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New Jersey Goalie Martin Brodeur had a affair with his sister in law
Posted on Tue, May. 06, 2003
Writing a wrong didn't happen in Brodeur affair
By Stan Hochman
MARTIN Brodeur, superstar goalie, father of four young kids, splits with his wife right after Christmas. Nobody writes it. Brodeur gets involved in an affair with his sister-in-law, who has separated from her husband.
"Maybe it was a question of honor, a trait seldom attributed to our profession," wrote Sherry Ross, who covers the Devils for the New York Daily News, explaining why Brodeur's marital problems had gone unreported. "Maybe it was because whatever turmoil Brodeur is going through never manifested itself on the ice. Maybe it's because he is one of the true good guys in sports as far as our working relationship with him goes. Maybe it was wrong to bury it, but it just felt right."
Does that mean that if his goals-against average had zoomed over 3.8, Ross would have decided the whole sleazy scenario was getting to Brodeur and she would have written about it? Or if Brodeur had turned grumpy and nasty, snarling at questions about shorthanded goals, she would have written about it?
Has the new journalism decided that star players and "good guys" get to keep their messy private lives private, while goons and grumblers get their dirty laundry aired?
A French-language crime tabloid broke the story, never identifying Brodeur by name. Said that a Quebec-born goaltender was having an affair with his sister-in-law and was being asked for $9 million in alimony by his wife.
Le Journal de Montreal then confronted Brodeur and he admitted he was separated from his wife and that he had a relationship with his sister-in-law. Volunteered that his wife called him 2 hours before a game and taunted him with the news that she was going out on a date, with some guy Brodeur knew.
Brodeur then issued a statement after the second game of the Devils playoff series with the Lightning. "To all the people who knew about it and didn't say anything, I appreciate it," Brodeur said. "This is my personal life. I don't want to get bothered with it from now on."
Ross oozes sympathy, looking down the road, knowing what Brodeur will hear if the Devils "move on to play in a genteel city such as, oh, let's say Philadelphia."
Yo, Sherry, ever hear the line, "If you can't do the time, don't do the crime?" How about a variation on that theme: "If you can't stand the din, don't do the sin."
That brings up another disturbing angle to Ross' explanation of why the beat writers chose to ignore Brodeur's situation. Brodeur is human, except on the ice, where he resembles a stone wall.
"Maybe that's why some of us," Ross wrote, "with the capability for the same weaknesses, poor judgments, mistakes and compassion, were so reluctant to turn over this Devil's rock."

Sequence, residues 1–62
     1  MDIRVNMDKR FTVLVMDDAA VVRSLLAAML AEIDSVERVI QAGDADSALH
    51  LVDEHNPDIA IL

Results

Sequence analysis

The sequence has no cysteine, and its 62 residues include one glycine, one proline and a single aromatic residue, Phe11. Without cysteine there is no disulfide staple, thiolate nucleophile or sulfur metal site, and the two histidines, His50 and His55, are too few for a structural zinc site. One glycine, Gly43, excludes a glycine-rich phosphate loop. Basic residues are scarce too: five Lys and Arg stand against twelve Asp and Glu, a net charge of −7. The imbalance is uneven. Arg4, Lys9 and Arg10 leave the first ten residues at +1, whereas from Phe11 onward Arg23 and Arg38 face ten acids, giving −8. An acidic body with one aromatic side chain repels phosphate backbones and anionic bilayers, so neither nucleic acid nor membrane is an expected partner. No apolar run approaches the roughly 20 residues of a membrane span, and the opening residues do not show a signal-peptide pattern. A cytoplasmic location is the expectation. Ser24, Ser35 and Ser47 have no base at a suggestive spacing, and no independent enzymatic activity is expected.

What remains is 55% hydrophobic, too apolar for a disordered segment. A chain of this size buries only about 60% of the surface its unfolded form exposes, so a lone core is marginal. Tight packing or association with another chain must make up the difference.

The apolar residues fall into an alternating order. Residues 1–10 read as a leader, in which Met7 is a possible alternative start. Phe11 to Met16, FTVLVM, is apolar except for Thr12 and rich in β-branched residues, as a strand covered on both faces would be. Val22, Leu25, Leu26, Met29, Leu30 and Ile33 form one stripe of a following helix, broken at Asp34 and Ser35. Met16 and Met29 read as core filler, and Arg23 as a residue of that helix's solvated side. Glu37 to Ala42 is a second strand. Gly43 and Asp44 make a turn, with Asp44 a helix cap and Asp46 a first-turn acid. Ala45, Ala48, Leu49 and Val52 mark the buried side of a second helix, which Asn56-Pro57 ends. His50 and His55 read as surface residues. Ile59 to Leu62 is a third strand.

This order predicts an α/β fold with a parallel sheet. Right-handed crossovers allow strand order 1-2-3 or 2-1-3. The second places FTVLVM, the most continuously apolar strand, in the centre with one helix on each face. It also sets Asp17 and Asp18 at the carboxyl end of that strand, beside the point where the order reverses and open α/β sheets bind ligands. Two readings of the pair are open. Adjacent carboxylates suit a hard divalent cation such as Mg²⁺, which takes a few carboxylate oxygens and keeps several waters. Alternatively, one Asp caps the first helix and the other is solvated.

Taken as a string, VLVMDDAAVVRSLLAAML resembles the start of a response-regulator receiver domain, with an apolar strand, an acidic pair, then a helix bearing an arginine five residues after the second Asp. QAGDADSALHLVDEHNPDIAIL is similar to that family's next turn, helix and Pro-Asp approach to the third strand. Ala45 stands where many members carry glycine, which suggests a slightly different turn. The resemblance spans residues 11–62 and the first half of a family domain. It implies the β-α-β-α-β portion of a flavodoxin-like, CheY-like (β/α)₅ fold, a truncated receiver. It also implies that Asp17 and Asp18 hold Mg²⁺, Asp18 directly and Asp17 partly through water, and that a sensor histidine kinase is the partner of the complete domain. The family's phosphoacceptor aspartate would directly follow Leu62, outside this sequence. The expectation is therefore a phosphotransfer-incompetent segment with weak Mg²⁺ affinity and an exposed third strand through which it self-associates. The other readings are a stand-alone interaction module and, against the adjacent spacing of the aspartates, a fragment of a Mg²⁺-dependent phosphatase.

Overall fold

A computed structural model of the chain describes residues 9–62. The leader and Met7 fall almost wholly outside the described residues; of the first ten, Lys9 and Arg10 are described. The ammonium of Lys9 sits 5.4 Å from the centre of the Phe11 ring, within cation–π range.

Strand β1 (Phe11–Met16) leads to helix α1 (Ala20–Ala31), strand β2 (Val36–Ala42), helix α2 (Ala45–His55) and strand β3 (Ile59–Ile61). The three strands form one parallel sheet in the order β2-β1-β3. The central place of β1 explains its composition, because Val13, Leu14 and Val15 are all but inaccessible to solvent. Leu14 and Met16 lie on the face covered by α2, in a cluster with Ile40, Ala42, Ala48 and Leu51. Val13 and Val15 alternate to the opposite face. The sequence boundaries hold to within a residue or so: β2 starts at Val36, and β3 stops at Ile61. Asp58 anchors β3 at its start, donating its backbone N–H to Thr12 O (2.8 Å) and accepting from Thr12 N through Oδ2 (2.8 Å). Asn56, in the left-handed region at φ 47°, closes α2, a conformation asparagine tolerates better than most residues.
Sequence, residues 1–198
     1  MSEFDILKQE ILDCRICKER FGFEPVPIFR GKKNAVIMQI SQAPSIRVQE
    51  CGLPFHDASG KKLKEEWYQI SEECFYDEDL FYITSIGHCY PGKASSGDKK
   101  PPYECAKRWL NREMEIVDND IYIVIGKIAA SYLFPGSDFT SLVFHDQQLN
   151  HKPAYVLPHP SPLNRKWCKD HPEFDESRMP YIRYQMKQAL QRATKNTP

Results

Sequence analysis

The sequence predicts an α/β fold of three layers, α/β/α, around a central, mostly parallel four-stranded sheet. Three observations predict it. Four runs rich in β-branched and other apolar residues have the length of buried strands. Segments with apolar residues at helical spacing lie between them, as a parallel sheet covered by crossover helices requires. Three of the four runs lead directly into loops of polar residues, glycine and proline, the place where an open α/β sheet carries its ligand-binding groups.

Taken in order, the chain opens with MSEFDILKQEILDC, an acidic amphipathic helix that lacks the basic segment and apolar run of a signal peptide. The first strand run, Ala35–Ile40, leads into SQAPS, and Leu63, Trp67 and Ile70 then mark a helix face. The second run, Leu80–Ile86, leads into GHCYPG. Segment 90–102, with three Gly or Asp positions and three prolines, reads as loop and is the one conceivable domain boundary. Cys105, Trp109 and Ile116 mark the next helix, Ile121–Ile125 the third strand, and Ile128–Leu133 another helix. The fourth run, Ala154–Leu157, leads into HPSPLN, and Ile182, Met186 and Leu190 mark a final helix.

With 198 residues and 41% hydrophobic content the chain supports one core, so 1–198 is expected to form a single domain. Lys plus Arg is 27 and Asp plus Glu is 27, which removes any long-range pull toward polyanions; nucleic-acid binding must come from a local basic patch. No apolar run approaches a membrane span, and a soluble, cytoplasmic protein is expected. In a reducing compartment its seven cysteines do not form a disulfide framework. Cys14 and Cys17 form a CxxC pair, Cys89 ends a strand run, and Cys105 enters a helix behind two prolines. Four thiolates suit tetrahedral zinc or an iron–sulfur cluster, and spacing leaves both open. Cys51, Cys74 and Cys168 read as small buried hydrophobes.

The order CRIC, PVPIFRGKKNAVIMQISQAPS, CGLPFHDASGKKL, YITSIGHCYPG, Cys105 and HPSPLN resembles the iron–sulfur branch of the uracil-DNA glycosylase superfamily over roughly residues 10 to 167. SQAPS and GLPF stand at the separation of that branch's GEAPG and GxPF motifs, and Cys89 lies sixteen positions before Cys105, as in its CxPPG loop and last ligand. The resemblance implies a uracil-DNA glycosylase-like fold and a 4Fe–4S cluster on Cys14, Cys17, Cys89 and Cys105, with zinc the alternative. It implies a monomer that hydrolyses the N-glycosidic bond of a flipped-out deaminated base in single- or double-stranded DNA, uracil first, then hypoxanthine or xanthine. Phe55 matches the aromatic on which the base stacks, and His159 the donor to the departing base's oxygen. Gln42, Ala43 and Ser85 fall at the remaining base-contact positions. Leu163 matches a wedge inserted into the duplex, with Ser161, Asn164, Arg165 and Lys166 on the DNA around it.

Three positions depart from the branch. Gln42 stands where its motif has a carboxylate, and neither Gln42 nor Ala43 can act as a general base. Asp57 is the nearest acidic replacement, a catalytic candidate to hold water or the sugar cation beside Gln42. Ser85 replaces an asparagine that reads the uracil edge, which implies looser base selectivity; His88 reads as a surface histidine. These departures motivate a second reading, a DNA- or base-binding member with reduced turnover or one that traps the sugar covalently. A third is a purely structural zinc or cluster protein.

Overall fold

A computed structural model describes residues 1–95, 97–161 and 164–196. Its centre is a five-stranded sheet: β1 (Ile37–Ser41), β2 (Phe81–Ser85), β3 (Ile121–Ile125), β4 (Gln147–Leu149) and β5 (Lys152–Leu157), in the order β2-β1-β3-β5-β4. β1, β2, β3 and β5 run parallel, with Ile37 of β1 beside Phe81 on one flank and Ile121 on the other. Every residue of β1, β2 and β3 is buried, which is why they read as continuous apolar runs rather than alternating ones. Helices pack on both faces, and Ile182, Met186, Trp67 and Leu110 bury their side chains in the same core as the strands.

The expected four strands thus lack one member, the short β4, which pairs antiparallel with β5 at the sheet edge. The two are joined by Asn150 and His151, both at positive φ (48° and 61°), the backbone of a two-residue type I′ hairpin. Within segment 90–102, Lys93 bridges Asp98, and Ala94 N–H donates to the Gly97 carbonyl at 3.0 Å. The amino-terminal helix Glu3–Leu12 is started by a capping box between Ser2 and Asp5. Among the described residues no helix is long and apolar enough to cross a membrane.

Brrrrack. Last time I looked, newspapers were not recruiting sports writers at monasteries. A sports writer's allegiance is to his newspaper and its readers and not to a player or the team he or she is covering. You're not casting first stones, you're reporting news.
And there's where it gets sticky. If a star goalie is doing the hokey-pokey with his sister-in-law and his wife is about to seek a huge sum of alimony in divorce proceedings that might get messier than spring break in Cancun, is that news or isn't it?
Those supermarket tabloids thrive on that kind of news,mostly about entertainers. There are television shows built around the scandalous behavior of Hollywood folks, gossip columns in Pulitzer prize-winning newspapers. With pro athletes being paid like show-biz stars, should they be immune from the same probing kind of reporting?
Do you wait until Brodeur gives up a couple of soft goals and the Devils lose a playoff game to the younger-than-springtime Lightning? Do hockey fans, especially Devils fans, really want to know what's happening to their heroes off the ice? Do they want that information only if it relates to visiting sick kids in hospitals?
You're probably weary of that argument about athletes as role models. What you want from your hometown heroes is a gutsy, sincere effort between the lines. Unless, of course, he's caught snorting lines between games. And then, you can't get enough of the story.
The beat writers could have turned the Brodeur story over to the news side of the paper, thus avoiding the clubhouse repercussions that were bound to follow. It's a chintzy way to do the job, but it beats burying a story that is screeching to be written.
And then there was the person who wrote the headline for Sherry Ross' column. "Marty all class in le scandale." Huh? Based on what happened, Brodeur couldn't spell class if you spotted him the CL.
To follow on from Bobby's question:
Stan Hochman is a long time Philadelphia sports writer. While I realize that may have a negative connotation in and of itself, Hochman is one of the few objective writers left in the area. Hochman is a throwback to a day when the sportswriters were the experts and the reading public were slave to their observations.
I believe what Hochman is pointing out is the subjectiveness of his fellow press. Sherry Ross hints in her comments that if Brodeur were less of a goalie then it would be news worth printing. Certainly when Theo Fleury's off-ice escapades affected his play it was worth reporting.
I don't enjoy reading about what athletes do outside of the playing arena. But I don't believe it should be up to the press to censor what I have to read either. If the story is there they have an obligation to report it, not decide what is reported and what isn't. I then have the option to bypass, ignore or show interest in the article.
Oddly enough, it is this type of article I typically ignore. Nonetheless, the press has an obligation to report the facts as they are presented.